Bill O'Reilly's obsession with porn.

Dubious and far-fetched ideas.
Oct. 19 2004 5:11 PM

The No Skin Zone

Bill O'Reilly's obsession with porn.

(Continued from Page 1)

In February 2003, he returned to the topic of Jenna Jameson after Pony hired her to sell sneakers. The vibe of the first encounter—the thrill of humiliating her—took an even racier twist. Note again his (joking?) admission to watching porn:

O'Reilly: Our pal, porn star Jenna Jamison, is mad at me for criticizing the Pony sneaker company for hiring her as a pitchwoman. Jenna e-mailed us today and said, in part, "I hope Bill understands the difference between a porn star and a hooker. I assume he has done some research on the subject because he requested some of my videos after we finished taping my appearance. I imagine he wanted them for professional reasons."

Of course I did, Jenna. Having any other motivation would be ridiculous. Enjoy your sneakers.

On Jan. 22, 2003, O'Reilly quizzed Diane Sawyer on an ABC report about corporations like AOL Time Warner and GM profiting from porn. He talked about the same subject on Nov. 1, 2002, with Jan LaRue, chief counsel for the conservative group Concerned Women for America. LaRue caught on to his pattern of titillation and damnation; she posted an open letter saying she felt betrayed by the way he used the issue as a setup "to attract viewers." She also wondered if he knew "the depravity of the material these corporations are offering."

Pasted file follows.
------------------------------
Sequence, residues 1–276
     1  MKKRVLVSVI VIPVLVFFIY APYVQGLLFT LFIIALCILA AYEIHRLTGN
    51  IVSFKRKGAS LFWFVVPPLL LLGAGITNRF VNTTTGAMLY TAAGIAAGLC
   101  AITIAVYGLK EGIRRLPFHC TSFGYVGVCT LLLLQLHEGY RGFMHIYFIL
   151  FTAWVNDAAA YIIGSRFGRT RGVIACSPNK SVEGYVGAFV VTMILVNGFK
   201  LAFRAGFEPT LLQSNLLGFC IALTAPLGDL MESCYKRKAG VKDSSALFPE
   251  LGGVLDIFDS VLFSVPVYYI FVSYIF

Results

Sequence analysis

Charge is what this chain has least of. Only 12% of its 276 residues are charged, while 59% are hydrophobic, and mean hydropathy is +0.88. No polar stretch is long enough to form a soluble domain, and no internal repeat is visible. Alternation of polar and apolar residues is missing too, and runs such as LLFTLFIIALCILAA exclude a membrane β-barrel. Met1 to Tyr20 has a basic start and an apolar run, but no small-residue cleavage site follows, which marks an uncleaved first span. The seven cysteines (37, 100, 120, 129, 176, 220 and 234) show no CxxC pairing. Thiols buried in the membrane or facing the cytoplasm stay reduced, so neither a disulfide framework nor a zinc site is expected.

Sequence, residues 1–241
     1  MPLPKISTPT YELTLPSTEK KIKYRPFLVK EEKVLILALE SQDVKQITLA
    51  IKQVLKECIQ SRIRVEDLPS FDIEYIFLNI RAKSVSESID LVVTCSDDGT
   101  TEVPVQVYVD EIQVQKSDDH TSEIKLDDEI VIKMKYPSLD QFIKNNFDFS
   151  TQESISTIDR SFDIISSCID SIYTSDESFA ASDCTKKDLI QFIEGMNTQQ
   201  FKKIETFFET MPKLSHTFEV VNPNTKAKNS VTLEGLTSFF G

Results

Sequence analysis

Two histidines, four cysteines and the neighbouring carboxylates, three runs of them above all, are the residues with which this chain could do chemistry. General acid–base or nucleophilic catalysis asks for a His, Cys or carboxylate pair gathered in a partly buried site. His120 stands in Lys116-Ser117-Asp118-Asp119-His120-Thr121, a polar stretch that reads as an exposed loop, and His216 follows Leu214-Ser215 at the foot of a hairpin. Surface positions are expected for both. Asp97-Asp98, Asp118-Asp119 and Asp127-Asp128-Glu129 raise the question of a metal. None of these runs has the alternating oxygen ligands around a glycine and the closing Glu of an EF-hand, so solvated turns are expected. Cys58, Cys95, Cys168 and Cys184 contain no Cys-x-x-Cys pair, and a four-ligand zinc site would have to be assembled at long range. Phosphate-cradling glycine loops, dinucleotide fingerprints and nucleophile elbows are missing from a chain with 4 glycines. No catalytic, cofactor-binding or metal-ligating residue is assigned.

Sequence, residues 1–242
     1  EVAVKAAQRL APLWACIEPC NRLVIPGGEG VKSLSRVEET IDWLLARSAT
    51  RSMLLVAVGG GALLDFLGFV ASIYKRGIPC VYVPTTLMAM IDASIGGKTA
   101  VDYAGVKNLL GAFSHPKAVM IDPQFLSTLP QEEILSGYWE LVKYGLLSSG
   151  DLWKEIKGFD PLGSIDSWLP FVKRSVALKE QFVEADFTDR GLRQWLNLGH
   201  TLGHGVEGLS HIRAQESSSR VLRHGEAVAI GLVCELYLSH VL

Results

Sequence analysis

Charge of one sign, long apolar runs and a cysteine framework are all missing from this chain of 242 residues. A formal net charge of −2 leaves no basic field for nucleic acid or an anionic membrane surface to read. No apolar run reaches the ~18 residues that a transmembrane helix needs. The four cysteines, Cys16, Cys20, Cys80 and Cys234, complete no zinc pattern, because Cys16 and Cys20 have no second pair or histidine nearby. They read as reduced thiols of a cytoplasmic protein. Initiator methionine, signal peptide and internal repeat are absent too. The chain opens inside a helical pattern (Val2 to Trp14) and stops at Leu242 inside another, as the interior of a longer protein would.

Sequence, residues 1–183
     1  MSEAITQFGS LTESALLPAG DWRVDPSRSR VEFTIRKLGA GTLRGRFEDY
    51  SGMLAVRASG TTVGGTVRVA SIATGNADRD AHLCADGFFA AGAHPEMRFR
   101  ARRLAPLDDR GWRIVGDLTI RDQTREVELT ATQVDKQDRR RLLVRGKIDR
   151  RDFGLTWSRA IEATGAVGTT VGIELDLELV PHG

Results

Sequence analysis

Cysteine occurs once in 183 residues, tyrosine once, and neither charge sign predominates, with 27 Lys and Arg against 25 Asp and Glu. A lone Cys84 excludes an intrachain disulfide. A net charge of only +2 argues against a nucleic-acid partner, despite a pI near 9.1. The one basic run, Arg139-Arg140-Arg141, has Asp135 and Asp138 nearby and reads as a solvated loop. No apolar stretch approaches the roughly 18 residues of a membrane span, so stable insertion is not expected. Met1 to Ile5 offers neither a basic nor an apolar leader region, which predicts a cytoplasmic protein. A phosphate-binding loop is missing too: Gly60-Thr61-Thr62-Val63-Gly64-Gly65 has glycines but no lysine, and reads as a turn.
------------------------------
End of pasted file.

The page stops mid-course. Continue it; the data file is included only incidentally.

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My hunch is that O'Reilly had some idea; after all, he's dabbled in soft-core depravity himself. The final scene in his novel Those Who Trespass describes the characters making love at a Caribbean resort, a setting which now evokes another of Mackris' allegations. On the second-to-last page, he describes the hero's tryst with the heroine after a long day on the beach. O'Reilly writes: "Tommy O'Malley was naked and at attention. 'Drowning is not an option,' he said, 'unless, of course, you beg me to perform unnatural acts right here in the shower.' " He has hawked the novel on his show in the slot he now uses to sells his handbook, The O'Reilly Factor for Kids: A Survival Guide for America's Families.

O'Reilly has frequently said that what adults do in private is their own business. But he adds a fatal caveat—unless that person is a public figure. "Some of the most influential people in our society—like Bill Clinton, Jesse Jackson, Robert Downey Jr., and Darryl Strawberry—provide a dismal example to our nation's youth," he writes in his book The No-Spin Zone. So why is Fox News' biggest star exempt from role-modeling responsibilities?

Michael Hastings is a reporter for Newsweek International.

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